We all make financial mistakes and they add up
Academic research tells us that emotions and experiences can distort our financial decisions. While our mistakes are rarely the result of a single mental error, our feelings can make us fumble. Below, seven big financial mistakes and the psychology behind them.
1. Saving with the right hand and spending with the left
Diagnosis: Mental accounting
Symptoms; Keeping money in a savings account while paying credit card debt at 19%, thinking a tax refund is a reason to spend; obsessing over the price of a new car but not monitoring the weekly grocery spend.
Solution; Look at the whole financial picture, not just the part that you want to see..read more here
2. Playing it too safe
Diagnosis: Loss Aversion
Symptoms; Quick to sell winning stocks but slow to sell losing ones; putting too much cash in money-market funds and not enough in stocks; reluctance to trade away what you already have, even for something more valuable
Solution; No one likes losing money — a truism that economists call “loss aversion.” Because we can avoid only losses that we recognize, we tend to focus on immediate costs, while ignoring more subtle costs and even savings. e.g. we should recognize that getting a $4 discount is worth as much as avoiding a $4 surcharge. But most of us would rather avoid that surcharge
3. Looking into a Cloudy Crystal Ball
Diagnosis; Misunderstanding Risk
Symptoms; Putting too much money into your favourite investment, not diversifying, not putting in place risk protection such as your personal health as well as assets
Solution; Take out appropriate insurance. The majority of people insure their assets yet their biggest asset is the ability to earn. Income protection insurance is just as important and house insurance, if not more important.
4. Living in the moment
Symptoms; Failing to plan for the future
Solution; Work out how much you need to keep the lifestyle you want during retirement and plan your investments/savings accordingly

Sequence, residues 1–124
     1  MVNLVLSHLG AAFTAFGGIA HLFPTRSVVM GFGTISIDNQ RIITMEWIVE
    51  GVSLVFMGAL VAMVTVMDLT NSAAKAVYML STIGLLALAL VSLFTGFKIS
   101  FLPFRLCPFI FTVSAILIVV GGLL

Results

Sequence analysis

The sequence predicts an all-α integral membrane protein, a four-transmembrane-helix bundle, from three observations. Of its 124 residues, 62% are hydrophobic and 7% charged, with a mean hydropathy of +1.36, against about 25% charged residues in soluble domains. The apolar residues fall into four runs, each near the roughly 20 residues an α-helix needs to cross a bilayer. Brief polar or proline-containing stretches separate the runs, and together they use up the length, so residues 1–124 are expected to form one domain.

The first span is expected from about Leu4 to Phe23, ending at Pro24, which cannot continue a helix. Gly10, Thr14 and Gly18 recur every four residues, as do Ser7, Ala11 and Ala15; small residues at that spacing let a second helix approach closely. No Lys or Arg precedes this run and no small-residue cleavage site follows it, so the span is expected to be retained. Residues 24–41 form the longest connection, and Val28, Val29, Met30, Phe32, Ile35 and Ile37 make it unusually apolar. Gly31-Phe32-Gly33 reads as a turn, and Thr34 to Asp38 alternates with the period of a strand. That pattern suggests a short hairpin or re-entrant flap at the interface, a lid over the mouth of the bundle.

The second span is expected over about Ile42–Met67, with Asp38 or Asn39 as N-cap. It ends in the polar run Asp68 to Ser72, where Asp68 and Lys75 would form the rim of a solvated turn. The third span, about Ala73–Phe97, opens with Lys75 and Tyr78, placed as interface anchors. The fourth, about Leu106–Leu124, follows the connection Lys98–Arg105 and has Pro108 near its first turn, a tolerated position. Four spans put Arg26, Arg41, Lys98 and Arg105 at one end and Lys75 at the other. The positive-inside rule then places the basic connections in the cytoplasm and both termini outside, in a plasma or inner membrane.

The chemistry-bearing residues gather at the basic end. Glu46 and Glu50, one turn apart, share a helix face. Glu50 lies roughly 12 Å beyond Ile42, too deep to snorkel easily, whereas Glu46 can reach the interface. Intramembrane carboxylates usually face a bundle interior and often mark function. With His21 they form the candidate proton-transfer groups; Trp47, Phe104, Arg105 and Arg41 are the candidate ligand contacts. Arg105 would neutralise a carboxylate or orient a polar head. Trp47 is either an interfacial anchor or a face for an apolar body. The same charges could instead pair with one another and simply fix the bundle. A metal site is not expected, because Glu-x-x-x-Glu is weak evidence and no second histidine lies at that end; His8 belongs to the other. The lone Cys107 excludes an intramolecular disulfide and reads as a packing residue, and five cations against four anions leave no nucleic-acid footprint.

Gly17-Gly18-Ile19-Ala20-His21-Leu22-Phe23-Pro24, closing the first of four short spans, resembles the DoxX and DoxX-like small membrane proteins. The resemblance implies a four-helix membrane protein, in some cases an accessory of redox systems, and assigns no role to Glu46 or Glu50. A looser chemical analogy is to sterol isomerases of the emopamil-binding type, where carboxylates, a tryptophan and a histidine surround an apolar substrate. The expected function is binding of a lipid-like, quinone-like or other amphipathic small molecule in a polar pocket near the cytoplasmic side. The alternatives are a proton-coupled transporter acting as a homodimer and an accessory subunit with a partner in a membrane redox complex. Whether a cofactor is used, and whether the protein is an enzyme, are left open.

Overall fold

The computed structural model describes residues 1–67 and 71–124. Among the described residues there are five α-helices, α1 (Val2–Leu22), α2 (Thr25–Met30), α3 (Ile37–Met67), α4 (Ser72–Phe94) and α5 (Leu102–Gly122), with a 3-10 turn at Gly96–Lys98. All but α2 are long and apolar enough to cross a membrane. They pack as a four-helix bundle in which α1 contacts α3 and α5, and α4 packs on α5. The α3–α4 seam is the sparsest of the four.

5. Throwing good money after bad
Diagnosis; Need a reality check
Symptoms; Hanging on in the hope that ‘things’ will improve without looking at facts in the market place
Solution; The market goes in cycles and eventually things improve but only if you can stay afloat financially. Staying in an investment that is losing money or costing you more than you can afford is not the way forward. Sometimes it pays to cut your losses, regroup and start again later. Often more money is made at a later date which makes up for the temporary loss rather than hanging on till the bitter end and have nothing to show for your efforts
6. Letting your ego get in the way
Diagnosis; Over confidence
Symptoms; Losing sight of what is really happening in the market place and thinking you know better. Not knowing when to have a break and consolidate
Solution; Studies show that we often tend to overestimate our abilities. Confidence and optimism are a crucial part of any investor however, over confidence leads people to believe they can beat the market, that the ‘good’ times won’t end and that property prices will keep rising.
7. Following the crowd
Symptoms; Following what other people say or do without doing your own due diligence. Not every type of investing is suitable for everyone.
Solution; Do your own research, not just because it ‘seemed’ a good idea by a group of others. Don’t be easily led, lots of people have lost a large part of their investment because they didn’t check things out properly